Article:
I put PureOS on my laptop a while ago and have discovered that it is scanning networks I’m connected to for SNMP enabled devices. I’ve found this because one of the places I go to has things locked down in a way that we get alerts when “an unauthorized user attempting to access the SNMP interface from (my IP)”.
Why would PureOS be doing this and what service do I need to disable to stop this? I disabled CUPS thinking it might be scanning for printers but that doesn’t appear to be it and I haven’t been able to see anything on port 161/162 via netstat but if there’s a better way to catch this I’m all ears.
I’m unfamiliar with anything in PureOS that will scan for SNMP devices aside from CUPS. A ‘man cups-snmp’ says;
The CUPS SNMP backend provides legacy discovery and identification of network printers using SNMPv1. When used for discovery through the scheduler, the backend will list all printers that respond to a broadcast SNMPv1 query with the “public” community name. Additional queries are then sent to printers that respond in order to determine the correct device URI, make and model, and other information needed for printing.
You can look at the /etc/cups/snmp.conf file to determine the community name and see if that is what has been scanning.
If the package that is sending SNMP stuff is one that you really do want to have installed because it provides otherwise useful functionality (be it CUPS or something else), you could look at using an IP filtering capability (firewall) to drop the SNMP packets. Network administrator happy. You happy.
If it is CUPS then you can perhaps edit /etc/cups/snmp.conf and change the address to 127.0.0.1
You might have to work a bit harder if you want CUPS to use SNMP when you are at “home” but not when you are “on site”.
So with this I’ve found that whatever it is runs about every hour and 20 minutes though it’s not that precise. Waiting between 1 and 2 hours per test is kind of brutal. Adding a -v to the end of that tcpdump command doesn’t appear to be very useful, unless the number part of computer-name.##### portion of the output happens to be the process if? (If so how can I see historical process ID’s because I didn’t see that process ID show up when this last occurred).
I also built a quick script that constantly runs netstat -anlpt | grep :161 >file.log however that appears to have not seen the last occurrence…
And even if that see’s the occurrence I’ll still need a way to see historical process ID’s.
At least with this method I can keep troubleshooting while not at this customer so that will hopefully net a solution sooner. Thank you very much for that.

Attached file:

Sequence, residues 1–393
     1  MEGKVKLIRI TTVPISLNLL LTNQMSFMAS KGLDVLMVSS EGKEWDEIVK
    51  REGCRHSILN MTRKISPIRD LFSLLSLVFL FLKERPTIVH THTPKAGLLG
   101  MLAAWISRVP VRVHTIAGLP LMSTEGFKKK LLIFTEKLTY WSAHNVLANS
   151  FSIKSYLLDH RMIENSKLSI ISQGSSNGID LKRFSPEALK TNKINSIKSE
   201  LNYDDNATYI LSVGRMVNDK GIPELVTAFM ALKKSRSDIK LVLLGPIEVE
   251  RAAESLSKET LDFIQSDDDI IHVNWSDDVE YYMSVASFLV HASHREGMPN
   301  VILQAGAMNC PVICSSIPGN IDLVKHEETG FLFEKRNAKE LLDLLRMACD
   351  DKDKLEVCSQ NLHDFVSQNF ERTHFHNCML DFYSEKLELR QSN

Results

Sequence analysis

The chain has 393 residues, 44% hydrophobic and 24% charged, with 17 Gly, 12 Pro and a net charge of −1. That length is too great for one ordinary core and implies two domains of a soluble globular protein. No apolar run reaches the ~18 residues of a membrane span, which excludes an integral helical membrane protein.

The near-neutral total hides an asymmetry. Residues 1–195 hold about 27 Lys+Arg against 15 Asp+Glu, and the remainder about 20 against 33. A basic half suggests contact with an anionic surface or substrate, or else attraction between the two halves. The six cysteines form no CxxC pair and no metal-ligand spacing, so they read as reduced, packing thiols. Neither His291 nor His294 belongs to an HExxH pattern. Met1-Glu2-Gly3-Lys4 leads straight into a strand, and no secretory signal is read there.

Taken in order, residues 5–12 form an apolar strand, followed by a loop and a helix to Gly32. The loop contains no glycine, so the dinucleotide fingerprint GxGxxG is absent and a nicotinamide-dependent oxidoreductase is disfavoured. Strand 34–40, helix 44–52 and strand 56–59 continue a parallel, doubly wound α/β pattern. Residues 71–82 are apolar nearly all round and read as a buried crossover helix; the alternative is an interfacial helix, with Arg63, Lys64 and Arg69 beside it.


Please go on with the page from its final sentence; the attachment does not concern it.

Changing the command does look to be a good thing. When I go to browse for a network printer I see 36995/SNMP gets created during that scan.
I’m pretty sure the 0.0.0.0:port are the services listening not outbound. Though I could be wrong. I’m going to let this run every second and see if it can catch when the unknown SNMP broadcast happens. Hopefully this will finally let me know what’s doing this broadcast so I can kill it.
In general, lsof -p <pid> works well to see what files (including network handles) a process has open. You can also do something like lsof | grep smtp to see what processes are using standard smtp ports. Of course, if it is intermitent activity, catching it could be a challenge, but there are solutions for that.
PS As I understand it, -a and -l are contradictory.
-a : show all sockets, whether LISTEN sockets (server sockets bound in order to accept incoming connections) or normal sockets (accepted incoming connections, or outgoing connections)
-l : show only LISTEN sockets
default if neither is specified : show only normal sockets
So if you are flailing about trying to track down some rogue send, you probably want -a and not -l (particularly as LISTEN really only makes sense for TCP, not UDP).
In case it helps, I had my laptop set up all day yesterday with tcpdump to show any SNMP packets and there were 0 packets - and that’s with CUPS installed and with /etc/cups/snmp.conf with factory default content (@LOCAL).
Well after spending all day with TCP dump listening for UDP traffic, that it was seeing yesterday (but I missed with netstat), it saw nothing today… I’m starting to suspect that some other network device at the client site is doing something to cause my laptop to respond with an SNMP broadcast???